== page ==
Contrary to the Supreme Court's determination, the four-month statute of limitations did not begin to run when the petitioner was personally served with a copy of the respondents' letter notifying him that his employment had been terminated. At that time, the respondents were on notice that the petitioner had retained counsel to represent him in connection with the disciplinary charges. " [B]asic procedural dictates and... fundamental policy considerations... require that once counsel has appeared in a matter a Statute of Limitations or time requirement cannot begin to run unless that counsel is served with the determination or the order or judgment sought to be reviewed'" (Matter of Odunbaku v Odunbaku, 28 N.Y.3d 223, 227-228, quoting Matter of Bianca v Frank, 43 N.Y.2d 168, 173). Under the circumstances of this case, the respondents were required to serve a copy of the letter on the petitioner's counsel in order for the statute of limitations to commence running (see Matter of Bianca v Frank, 43 N.Y.2d at 173; Matter of Sutherland v New York State Dept. of Envtl. Conservation, 122 A.D.3d 759, 761; Thompson v Poughkeepsie School Dist., 133 A.D.2d 752, 753-754). Accordingly, the court erred in dismissing the proceeding on the ground that it was time-barred.

         Since the respondents' motion also sought dismissal on the ground that the petition failed to state a cause of action, and that issue was argued before the Supreme Court and has been briefed by the parties on appeal, we address it in the interest of judicial economy (see Barone v Barone, 130 A.D.3d 765, 767). "On a motion pursuant to CPLR 3211(a)(7) and 7804(f), only the petition is considered, all of its allegations are deemed true, and the petitioner is accorded the benefit of every possible inference" (Matter of Brown v Foster, 73 A.D.3d 917, 918; see Matter of Johnson v County of Orange, 138 A.D.3d 850, 850-851). "In determining such a motion, the sole criterion is whether the petition sets forth allegations sufficient to make out a claim that the determination sought to be reviewed was made in violation of lawful procedure, was affected by an error of law or was arbitrary and capricious or an abuse of discretion'" (Matter of Kunik v New York City Dept. of Educ., 142 A.D.3d 616, 617, quoting CPLR 7803[3]).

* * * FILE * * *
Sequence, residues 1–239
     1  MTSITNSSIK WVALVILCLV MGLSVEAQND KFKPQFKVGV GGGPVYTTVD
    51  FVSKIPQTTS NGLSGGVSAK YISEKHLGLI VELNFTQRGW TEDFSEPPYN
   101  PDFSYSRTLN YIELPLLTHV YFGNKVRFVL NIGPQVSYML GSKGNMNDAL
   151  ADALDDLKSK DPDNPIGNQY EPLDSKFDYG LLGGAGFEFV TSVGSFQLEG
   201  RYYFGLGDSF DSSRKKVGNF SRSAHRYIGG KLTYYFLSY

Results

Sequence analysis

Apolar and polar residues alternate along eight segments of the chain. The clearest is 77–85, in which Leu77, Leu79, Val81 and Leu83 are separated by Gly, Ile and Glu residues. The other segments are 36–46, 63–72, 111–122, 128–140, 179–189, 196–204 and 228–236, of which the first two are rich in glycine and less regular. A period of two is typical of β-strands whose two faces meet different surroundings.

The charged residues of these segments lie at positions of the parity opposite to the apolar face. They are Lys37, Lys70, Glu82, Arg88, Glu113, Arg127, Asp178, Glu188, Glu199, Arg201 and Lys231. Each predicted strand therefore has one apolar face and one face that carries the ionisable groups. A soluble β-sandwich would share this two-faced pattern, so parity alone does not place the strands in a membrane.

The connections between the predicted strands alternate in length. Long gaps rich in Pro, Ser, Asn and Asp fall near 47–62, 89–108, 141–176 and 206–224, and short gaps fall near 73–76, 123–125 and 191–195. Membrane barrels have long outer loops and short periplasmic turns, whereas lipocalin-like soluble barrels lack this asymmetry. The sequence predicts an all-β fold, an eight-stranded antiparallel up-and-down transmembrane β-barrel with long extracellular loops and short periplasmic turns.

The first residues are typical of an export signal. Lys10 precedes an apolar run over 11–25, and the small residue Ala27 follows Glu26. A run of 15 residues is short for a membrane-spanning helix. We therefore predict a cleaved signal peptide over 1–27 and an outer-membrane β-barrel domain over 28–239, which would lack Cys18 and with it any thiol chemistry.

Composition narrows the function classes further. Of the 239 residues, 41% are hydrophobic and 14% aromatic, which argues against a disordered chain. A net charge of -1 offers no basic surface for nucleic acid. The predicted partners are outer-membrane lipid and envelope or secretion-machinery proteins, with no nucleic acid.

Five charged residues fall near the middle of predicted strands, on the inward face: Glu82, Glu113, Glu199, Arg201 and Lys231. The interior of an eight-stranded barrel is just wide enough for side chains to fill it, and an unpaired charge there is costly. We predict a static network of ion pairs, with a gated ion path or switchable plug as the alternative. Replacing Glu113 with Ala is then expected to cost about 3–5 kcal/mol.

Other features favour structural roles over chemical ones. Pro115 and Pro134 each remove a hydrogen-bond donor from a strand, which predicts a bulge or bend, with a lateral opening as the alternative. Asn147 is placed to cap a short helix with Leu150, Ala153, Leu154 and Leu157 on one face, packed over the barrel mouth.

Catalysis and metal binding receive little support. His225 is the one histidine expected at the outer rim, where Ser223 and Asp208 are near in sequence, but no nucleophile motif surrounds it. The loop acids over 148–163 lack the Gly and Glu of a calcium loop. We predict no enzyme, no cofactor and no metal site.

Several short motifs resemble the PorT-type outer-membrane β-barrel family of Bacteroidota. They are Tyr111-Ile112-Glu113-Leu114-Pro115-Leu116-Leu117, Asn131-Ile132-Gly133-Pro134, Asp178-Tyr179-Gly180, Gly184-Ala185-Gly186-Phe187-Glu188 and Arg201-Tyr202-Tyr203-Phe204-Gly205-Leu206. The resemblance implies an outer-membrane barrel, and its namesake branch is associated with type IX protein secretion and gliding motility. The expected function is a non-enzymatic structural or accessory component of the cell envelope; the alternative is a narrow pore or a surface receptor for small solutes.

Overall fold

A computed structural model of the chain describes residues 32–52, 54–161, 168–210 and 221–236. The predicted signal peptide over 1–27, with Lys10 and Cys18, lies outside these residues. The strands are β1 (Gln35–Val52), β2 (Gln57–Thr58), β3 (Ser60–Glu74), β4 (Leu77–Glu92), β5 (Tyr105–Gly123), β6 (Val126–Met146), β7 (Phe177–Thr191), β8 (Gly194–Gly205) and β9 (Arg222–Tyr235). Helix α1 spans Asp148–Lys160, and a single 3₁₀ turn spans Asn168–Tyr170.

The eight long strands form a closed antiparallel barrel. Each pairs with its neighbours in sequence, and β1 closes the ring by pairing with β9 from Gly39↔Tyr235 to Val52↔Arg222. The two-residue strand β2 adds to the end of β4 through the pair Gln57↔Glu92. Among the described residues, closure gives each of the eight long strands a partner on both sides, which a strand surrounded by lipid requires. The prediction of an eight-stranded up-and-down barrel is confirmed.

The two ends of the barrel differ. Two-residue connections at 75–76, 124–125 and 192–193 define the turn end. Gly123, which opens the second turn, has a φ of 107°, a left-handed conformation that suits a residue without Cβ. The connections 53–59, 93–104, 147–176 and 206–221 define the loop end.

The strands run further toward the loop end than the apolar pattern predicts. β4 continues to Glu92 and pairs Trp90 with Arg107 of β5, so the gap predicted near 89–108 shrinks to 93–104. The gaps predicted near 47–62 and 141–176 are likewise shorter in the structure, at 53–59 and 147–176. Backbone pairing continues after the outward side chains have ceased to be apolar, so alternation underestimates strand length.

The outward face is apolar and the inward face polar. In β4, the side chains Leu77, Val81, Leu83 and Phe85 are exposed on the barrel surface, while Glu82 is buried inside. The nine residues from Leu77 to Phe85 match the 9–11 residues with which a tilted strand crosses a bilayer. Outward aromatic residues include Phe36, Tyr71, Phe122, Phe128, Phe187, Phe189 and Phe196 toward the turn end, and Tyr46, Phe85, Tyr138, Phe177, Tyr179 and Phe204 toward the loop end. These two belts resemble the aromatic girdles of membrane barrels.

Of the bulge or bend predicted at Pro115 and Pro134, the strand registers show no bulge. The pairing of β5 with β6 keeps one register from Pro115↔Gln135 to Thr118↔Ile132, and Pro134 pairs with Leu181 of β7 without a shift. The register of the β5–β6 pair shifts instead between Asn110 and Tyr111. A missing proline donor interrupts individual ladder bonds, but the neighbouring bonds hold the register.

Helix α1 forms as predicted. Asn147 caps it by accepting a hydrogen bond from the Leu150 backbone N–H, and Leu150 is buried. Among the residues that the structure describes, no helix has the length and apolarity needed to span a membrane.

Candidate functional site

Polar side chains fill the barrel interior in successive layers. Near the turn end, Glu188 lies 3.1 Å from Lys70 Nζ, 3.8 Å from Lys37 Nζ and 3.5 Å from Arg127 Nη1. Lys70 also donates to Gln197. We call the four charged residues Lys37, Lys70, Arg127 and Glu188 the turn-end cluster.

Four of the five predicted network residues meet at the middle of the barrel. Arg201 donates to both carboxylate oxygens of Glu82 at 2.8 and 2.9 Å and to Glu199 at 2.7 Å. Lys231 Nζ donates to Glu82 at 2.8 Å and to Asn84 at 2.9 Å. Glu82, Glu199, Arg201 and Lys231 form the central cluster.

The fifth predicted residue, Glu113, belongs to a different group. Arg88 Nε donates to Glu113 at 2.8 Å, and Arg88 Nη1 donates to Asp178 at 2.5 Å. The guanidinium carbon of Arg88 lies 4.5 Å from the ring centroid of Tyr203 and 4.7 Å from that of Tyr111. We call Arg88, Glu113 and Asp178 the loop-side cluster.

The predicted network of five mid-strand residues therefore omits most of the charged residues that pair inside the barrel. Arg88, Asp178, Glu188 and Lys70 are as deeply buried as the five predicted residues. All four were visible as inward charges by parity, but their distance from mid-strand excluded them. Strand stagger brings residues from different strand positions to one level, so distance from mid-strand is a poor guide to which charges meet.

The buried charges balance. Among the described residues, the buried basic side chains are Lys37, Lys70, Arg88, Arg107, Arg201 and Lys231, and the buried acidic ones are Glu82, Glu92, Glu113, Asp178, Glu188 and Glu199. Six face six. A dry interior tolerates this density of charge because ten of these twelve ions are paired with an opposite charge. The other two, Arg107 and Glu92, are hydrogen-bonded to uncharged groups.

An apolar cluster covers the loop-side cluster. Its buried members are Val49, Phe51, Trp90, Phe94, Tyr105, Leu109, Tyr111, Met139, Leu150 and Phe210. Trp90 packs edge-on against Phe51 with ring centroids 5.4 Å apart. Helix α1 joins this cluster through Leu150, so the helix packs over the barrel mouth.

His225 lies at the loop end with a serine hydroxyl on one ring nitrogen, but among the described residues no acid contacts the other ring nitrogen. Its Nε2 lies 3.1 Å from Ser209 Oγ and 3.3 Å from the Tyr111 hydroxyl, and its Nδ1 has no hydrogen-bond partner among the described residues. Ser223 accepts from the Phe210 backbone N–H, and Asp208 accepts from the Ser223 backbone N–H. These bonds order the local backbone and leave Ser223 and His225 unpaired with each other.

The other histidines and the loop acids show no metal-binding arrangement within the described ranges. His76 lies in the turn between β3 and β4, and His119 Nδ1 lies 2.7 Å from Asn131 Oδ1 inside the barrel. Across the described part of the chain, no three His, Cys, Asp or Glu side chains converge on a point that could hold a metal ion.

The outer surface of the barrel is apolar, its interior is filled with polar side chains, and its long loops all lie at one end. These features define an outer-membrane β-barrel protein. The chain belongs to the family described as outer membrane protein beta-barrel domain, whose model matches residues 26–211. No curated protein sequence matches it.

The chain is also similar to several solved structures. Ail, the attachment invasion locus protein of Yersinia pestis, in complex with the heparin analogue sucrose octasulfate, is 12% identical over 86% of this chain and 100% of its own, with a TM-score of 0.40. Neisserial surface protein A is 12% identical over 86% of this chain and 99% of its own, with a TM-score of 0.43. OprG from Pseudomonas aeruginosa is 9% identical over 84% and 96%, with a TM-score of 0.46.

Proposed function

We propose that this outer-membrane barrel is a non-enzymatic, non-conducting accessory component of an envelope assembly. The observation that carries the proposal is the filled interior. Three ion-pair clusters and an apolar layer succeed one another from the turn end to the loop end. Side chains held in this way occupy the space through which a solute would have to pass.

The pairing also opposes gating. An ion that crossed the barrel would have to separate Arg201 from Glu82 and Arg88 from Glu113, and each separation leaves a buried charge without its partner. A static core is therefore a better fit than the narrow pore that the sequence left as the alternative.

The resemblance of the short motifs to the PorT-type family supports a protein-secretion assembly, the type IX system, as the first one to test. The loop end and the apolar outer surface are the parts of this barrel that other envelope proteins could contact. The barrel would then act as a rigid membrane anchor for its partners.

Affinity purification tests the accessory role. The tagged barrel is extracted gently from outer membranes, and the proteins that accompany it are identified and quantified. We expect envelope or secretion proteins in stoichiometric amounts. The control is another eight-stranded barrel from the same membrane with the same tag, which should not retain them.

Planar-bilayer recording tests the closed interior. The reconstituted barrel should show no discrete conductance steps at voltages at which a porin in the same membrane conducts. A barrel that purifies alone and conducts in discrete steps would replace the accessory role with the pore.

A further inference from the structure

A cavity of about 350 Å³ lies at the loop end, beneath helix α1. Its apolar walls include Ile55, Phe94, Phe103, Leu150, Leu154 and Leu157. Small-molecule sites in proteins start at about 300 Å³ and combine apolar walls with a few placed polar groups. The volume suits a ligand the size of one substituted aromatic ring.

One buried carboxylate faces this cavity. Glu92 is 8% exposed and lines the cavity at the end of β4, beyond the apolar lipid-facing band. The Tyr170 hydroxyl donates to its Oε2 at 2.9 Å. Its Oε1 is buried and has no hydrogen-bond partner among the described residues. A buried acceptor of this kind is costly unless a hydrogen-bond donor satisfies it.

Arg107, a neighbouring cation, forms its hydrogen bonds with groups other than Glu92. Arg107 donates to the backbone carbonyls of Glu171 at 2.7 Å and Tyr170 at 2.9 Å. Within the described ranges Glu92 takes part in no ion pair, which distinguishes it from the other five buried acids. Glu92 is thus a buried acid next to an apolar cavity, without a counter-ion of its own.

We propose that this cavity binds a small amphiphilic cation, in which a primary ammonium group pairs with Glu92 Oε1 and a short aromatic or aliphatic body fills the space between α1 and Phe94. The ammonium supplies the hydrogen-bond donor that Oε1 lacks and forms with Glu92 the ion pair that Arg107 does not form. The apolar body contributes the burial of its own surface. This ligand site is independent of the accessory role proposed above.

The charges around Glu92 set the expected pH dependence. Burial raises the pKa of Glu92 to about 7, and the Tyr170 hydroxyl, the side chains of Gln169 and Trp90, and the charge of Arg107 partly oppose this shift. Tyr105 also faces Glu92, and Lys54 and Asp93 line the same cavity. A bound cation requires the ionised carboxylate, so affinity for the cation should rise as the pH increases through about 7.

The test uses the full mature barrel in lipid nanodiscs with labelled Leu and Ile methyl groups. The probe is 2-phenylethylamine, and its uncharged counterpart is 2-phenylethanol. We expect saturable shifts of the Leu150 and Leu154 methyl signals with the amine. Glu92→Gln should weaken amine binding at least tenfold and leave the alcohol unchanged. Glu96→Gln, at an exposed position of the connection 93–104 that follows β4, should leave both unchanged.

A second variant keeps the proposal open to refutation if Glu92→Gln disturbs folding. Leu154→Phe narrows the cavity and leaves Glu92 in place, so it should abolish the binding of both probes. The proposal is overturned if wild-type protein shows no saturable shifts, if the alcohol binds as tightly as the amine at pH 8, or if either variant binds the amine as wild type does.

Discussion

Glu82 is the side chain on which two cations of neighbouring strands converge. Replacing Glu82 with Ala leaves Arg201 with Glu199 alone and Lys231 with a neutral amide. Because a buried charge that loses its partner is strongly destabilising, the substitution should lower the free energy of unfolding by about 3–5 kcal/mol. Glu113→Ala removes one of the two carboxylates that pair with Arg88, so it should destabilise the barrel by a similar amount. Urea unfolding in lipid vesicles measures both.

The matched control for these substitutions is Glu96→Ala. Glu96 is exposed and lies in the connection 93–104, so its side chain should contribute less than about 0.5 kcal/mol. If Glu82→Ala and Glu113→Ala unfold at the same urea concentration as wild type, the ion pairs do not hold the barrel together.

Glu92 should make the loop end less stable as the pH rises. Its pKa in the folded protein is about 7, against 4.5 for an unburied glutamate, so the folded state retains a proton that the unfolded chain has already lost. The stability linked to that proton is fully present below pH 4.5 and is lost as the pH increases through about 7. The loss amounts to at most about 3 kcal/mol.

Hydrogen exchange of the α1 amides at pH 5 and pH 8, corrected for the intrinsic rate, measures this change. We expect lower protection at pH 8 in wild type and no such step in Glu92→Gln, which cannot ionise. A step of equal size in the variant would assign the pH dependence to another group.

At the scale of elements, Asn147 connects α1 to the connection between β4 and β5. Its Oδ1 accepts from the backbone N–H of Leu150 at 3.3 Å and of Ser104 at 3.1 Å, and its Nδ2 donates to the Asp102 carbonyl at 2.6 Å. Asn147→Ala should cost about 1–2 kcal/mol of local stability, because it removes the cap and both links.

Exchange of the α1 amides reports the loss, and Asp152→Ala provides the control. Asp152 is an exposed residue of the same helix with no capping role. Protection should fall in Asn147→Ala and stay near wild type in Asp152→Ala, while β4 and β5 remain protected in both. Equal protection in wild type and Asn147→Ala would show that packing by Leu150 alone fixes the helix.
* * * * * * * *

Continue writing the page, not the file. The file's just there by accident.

Pursuant to Public Officers Law § 30(1)(e), an office is deemed vacant upon an officer's "conviction of a felony, or a crime involving a violation of his [or her] oath of office" (Public Officers Law § 30[1][e]; see Matter of Feola v Carroll, 10 N.Y.3d 569, 572; Matter of Duffy v Ward, 81 N.Y.2d 127, 131). "Summary dismissal is... justified in circumstances where [a] misdemeanor for which the officer is convicted demonstrat[es] a lack of moral integrity, ' namely, one that involves a willful deceit or a calculated disregard for honest dealings'" (Matter of Feola v Carroll, 10 N.Y.3d at 573, quoting Matter of Duffy v Ward, 81 N.Y.2d at 135). Here, the petitioner's conviction of falsifying business records in the second degree (Penal Law § 175.05[1]), a class A misdemeanor, was an offense involving willful deceit, and resulted in automatic vacatur of his position pursuant to Public Officers Law § 30(1)(e) (see Matter of Depamphilis v Kelly, 107 A.D.3d 611, 611; Matter of Holt v Marinelli, 45 A.D.3d 1317, 1318; see also Matter of Feola v Carroll, 10 N.Y.3d at 573). Under the circumstances of this case, the petition failed to set forth allegations sufficient to make out a claim that the termination of the petitioner's employment was "made in violation of lawful procedure, was affected by an error of law or was arbitrary and capricious or an abuse of discretion" (CPLR 7803[3]).

         The petitioner's remaining contentions either are without merit or need not be ...